OBVIOUSLY.

Here’s my pie crust recipe.    Well, Actually, my SIL found it in an old pie cookbook.  Still, it’s a fab recipe.

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I know it seems like adding water to the fat wouldn’t work, but if you truly add boiling water and whisk it quickly, you get a beautful lard slurry that becomes a light, tasty, flaky pie crust.

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Lard already has a hearty meaty scent to it.  It seems natural to add bacon.

I cooked up a half pound of thick-cut bacon and crumbled it up.  Half of that went into my pie crust.

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I used Cortland apples.  These are firm, white, tart apples.  I use very small, fine pieces of apple in my pie.

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The crumble is the magical part of this pie.  I don’t mix any flour or seasoning into the apples themselves.  Instead, I use my pastry cutter to blend flour, butter, and sugar (and in this case I used brown sugar and added the remaining bacon crumbles!) and douse the pie.  As the pie bakes, the crumble crisps on the top and some melts into the pie, thickening the juices as the apples bake.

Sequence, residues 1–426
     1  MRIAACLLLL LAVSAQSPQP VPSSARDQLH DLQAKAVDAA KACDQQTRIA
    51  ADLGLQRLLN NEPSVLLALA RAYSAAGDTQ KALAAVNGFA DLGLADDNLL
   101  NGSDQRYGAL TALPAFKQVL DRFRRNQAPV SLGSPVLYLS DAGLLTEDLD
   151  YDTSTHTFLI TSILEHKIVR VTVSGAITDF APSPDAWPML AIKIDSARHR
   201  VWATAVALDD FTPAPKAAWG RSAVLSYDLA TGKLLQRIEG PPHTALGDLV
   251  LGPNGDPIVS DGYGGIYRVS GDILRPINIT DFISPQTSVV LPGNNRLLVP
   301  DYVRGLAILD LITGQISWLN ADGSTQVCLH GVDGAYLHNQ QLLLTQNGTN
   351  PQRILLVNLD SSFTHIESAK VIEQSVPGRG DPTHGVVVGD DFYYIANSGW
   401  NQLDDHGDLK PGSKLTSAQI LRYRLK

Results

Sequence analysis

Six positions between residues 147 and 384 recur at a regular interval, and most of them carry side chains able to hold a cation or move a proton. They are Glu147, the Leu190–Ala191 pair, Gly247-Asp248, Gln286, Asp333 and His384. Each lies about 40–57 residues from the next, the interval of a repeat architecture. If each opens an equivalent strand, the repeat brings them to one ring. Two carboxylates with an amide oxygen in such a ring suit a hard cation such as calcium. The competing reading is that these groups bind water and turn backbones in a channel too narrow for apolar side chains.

The pie is done when it’s  bubbling.

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I won a bottle of Kraken.

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Evolution in my Kitchen

This is the story of how I keep it real in the kitchen.  I started with a craving for a local restaurant’s classic southern barbecue and ended up with tiny apple pies.

Chuck and I love going out for southern barbecue.  Our local restaurant, JoBoy’s, serves amazing smoked meats and delicious homemade sides and desserts.  The slow cooking results in a tender pulled meat that they pair with a homemade barbecue sauce.  Basically, it is to die for.

Though I can’t reproduce the unique smoky flavor, I can make a similar meal at home fairly easily.  I threw a pack of chicken thigh/leg quarters into the crock pot and made a sauce with the contents of the door of my refrigerator.  some mustard, ketchup, brown sugar, cola, Worcestershire,  fresh minced garlic, salt, and pepper, simmered on the stove and served in a gravy boat.

Emmi came over and we made these cauliflower latke thingies, but all dairy free.  I have a ton of fake cheese right now.  It helps me a lot.  I loooove cheese.  I might add another egg next time, but they turned out delicious and would be very good with eggs.